January 30, 2020-
PROVIDENCE — Dave McLaughlin of Clean Ocean Access put it best when he described the latest bill for a statewide ban on plastic shopping bags: “It’s like a test. You want a 98 but you’ll take a 91,” he said after a Jan. 29 hearing for a Senate bill that drew near uniform support from environmental groups. McLaughlin and others from local environmental organizations were pleased that the legislation included the so-called “stitched-handles provision” that prevents retailers from substituting thick plastic bags for the traditional thin-film retail bags and calling them reusable.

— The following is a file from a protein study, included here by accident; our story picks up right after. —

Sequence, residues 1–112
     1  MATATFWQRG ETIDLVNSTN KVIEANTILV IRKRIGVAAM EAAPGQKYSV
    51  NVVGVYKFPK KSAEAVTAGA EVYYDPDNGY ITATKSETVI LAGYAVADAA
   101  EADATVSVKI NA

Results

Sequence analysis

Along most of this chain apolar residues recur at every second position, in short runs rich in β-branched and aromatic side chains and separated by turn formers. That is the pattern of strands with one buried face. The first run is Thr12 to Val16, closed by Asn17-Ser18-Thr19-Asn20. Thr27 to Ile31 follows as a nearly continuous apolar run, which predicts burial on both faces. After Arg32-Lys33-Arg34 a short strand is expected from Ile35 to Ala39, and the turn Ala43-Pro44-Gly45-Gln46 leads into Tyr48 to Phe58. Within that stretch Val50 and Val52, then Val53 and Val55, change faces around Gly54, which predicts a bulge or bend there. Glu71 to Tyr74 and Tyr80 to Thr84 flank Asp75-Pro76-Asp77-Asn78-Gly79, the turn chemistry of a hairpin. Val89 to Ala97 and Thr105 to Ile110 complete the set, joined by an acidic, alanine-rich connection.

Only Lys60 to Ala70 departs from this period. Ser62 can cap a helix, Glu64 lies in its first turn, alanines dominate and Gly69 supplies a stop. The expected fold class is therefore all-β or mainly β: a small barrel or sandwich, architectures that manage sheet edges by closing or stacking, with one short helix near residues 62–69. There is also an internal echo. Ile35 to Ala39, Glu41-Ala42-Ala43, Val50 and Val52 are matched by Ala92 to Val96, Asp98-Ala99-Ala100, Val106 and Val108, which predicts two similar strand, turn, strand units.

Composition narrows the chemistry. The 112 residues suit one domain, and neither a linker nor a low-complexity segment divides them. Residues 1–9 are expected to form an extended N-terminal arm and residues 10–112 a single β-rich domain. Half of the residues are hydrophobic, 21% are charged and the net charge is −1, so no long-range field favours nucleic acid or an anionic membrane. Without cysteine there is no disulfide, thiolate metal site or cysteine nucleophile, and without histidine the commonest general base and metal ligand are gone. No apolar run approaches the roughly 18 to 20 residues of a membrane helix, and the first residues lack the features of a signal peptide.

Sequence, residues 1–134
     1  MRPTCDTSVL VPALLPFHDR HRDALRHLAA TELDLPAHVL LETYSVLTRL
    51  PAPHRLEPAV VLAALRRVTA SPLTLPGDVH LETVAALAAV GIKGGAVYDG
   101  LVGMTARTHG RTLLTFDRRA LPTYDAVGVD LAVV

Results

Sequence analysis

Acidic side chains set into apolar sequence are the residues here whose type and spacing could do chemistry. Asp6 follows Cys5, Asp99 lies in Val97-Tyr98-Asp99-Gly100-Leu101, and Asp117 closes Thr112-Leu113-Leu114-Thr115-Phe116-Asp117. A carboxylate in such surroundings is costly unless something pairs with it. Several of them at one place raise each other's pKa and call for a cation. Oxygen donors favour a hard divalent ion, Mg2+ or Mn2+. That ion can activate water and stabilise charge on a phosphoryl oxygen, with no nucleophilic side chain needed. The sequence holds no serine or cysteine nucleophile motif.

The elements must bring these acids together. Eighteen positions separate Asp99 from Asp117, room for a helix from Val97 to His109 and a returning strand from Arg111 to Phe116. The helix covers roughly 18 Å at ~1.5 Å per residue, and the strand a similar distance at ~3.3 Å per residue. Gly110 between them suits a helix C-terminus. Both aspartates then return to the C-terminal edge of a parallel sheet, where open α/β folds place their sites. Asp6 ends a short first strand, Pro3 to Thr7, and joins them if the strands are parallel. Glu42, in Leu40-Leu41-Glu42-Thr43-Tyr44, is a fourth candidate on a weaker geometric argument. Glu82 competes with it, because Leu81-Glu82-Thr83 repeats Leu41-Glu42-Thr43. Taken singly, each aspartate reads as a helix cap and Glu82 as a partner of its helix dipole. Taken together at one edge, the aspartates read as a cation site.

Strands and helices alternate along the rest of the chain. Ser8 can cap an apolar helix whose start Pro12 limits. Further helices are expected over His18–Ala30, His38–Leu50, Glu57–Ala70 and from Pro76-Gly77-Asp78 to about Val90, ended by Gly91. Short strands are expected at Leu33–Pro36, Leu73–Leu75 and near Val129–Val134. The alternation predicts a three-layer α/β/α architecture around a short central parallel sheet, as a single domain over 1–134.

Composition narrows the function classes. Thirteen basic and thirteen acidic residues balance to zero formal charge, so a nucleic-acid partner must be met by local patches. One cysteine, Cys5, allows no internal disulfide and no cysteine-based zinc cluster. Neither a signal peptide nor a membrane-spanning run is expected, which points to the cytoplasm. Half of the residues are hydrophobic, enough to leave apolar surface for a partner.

The Plastic Waste Reduction Act doesn’t impose a fee on paper bags and contains a uniformity provision, or preemption clause, that prevents communities from enacting stricter bans in place of the state mandate. Last year, the lack of a fee and, to a greater extent, the inclusion of a preemption clause soured groups such as Clean Water Action, the Conservation Law Foundation, and Clean Ocean Access and members of Gov. Gina Raimondo’s Task Force to Tackle Plastics, an initiative that failed to secure any directives last year.